1. 3 In the discussion that follows, we describe a method for estimating unigram grounded language models.
    Page 5, “Linguistic Mapping”
  2. The remaining 93 unlabeled games are used to train unigram , bigram, and trigram grounded language models.
    Page 5, “Evaluation”
  3. Only unigrams , bigrams, and tri—grams that are not proper names, appear greater than three times, and are not composed only of stop words were used.
    Page 5, “Evaluation”
  4. with traditional unigram , bigram, and trigram language models generated from a combination of the closed captioning transcripts of all training games and data from the switchboard corpus (see below).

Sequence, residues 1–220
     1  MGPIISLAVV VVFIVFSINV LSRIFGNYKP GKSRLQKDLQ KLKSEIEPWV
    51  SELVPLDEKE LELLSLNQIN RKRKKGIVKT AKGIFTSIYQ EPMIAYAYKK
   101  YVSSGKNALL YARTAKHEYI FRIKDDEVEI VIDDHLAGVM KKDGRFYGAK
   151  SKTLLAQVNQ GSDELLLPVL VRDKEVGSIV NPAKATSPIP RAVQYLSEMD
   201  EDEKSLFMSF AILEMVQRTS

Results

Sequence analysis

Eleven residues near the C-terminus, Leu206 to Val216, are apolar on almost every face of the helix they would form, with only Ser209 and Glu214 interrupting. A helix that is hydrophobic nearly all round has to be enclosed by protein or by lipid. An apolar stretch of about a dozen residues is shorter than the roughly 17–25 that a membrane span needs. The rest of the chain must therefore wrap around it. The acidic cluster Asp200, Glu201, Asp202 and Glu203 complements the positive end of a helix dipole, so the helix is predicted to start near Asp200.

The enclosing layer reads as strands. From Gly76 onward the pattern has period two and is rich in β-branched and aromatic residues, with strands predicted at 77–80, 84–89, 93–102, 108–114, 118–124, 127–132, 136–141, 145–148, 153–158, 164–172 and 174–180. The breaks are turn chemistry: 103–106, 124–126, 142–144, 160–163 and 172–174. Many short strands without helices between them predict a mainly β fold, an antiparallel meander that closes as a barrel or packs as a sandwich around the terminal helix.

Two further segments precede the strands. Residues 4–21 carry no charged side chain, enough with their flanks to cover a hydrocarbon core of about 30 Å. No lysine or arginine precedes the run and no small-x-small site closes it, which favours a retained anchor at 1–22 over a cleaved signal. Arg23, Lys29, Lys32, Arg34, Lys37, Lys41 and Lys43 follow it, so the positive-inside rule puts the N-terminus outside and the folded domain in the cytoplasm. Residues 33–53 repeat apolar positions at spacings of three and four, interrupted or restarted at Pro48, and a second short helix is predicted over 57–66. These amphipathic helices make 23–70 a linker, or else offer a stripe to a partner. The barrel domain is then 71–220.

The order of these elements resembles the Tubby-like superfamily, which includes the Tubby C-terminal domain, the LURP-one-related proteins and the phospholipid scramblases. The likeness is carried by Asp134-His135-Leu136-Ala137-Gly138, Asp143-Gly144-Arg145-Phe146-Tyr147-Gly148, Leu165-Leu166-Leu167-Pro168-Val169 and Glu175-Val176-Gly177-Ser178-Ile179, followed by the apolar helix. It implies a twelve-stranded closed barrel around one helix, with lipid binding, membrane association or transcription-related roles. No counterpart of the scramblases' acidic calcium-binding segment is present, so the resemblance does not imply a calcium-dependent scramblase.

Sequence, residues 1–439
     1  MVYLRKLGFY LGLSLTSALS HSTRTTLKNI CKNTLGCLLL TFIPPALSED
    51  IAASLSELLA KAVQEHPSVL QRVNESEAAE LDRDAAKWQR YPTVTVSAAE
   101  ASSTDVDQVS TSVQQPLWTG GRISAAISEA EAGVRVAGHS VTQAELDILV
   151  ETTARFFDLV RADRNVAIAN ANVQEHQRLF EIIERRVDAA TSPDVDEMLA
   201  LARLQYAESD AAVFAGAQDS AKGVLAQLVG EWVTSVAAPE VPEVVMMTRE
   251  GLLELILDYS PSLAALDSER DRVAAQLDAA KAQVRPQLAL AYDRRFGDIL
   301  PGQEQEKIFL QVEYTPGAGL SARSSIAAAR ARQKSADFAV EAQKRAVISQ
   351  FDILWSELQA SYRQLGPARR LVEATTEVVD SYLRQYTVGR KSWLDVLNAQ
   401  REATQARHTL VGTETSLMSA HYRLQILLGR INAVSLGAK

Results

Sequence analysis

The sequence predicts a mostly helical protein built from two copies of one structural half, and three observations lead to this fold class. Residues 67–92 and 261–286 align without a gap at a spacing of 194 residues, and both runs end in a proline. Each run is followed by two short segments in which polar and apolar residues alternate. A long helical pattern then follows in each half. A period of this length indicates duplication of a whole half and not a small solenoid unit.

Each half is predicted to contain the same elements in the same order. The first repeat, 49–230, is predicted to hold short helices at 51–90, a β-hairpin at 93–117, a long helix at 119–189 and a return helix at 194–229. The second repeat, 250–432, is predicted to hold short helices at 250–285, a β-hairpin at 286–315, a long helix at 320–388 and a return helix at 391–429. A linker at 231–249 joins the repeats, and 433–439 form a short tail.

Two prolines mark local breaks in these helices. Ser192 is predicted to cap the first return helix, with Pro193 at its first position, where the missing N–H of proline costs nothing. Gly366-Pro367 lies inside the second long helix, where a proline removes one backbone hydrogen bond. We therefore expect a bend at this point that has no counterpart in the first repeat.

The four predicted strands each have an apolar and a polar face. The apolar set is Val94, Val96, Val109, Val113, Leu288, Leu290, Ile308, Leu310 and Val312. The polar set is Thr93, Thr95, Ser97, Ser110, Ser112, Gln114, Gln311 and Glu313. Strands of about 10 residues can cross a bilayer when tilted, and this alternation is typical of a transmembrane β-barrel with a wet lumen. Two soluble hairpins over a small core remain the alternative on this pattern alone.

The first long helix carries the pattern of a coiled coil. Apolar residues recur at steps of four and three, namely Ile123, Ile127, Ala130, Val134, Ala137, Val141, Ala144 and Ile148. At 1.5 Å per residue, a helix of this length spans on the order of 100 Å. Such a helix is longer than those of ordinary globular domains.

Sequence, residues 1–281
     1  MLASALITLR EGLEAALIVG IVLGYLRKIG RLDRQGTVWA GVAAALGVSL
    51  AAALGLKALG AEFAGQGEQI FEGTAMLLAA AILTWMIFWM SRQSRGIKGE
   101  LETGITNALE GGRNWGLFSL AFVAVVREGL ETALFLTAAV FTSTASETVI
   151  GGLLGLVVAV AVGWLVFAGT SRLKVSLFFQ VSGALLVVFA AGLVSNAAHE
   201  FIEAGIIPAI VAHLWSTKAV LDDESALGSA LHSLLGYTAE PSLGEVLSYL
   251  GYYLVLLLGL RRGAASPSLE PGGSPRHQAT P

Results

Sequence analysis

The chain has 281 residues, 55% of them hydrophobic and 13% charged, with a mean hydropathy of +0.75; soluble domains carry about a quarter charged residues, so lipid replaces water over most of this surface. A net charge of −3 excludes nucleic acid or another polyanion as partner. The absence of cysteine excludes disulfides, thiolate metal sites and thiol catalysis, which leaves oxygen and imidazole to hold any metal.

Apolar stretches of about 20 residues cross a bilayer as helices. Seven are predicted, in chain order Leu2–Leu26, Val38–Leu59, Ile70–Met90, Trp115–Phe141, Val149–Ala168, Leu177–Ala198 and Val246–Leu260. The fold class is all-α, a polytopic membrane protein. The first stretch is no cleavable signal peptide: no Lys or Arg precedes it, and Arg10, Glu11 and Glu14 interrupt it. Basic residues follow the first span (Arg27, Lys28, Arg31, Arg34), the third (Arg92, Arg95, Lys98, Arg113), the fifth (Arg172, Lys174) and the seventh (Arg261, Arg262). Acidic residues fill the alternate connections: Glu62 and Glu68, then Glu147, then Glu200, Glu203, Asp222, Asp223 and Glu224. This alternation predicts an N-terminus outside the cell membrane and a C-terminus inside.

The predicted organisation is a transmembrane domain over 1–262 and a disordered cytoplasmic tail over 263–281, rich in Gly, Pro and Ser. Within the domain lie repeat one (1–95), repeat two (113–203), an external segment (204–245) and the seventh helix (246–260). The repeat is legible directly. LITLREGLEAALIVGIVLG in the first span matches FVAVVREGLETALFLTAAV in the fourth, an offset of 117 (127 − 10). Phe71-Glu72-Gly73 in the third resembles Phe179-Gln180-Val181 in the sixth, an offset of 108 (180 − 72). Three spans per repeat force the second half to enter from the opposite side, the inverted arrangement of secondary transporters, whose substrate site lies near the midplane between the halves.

Page 6, “Evaluation”
  5. are then used to find the phrases ( unigram , trigram, and bigram) most indicative of each label (e. g. “fly ball” for category fly ball).
    Page 8, “Evaluation”

See all papers in Proc. ACL 2008 that mention unigram.

See all papers in Proc. ACL that mention unigram.

Back to top.

gold standard

Appears in 4 sentences as: gold standard (3) gold standards (1)
In Grounded Language Modeling for Automatic Speech Recognition of Sports Video
  1. From this test set, baseball highlights (i.e., events which terminate with the player either out or safe) were hand annotated for use in evaluation, and manually transcribed in order to get clean text transcriptions for gold standard comparisons.
    Page 5, “Evaluation”
  2. Word error rate (WER) is a normalized measure of the number of word insertions, substitutions, and deletions required to transform the output transcription of an ASR system to a human generated gold standard transcription of the same utterance.
    Page 6, “Evaluation”
  3. Word accuracy is simply the number of words in the gold standard that they system correctly recognized.
    Page 6, “Evaluation”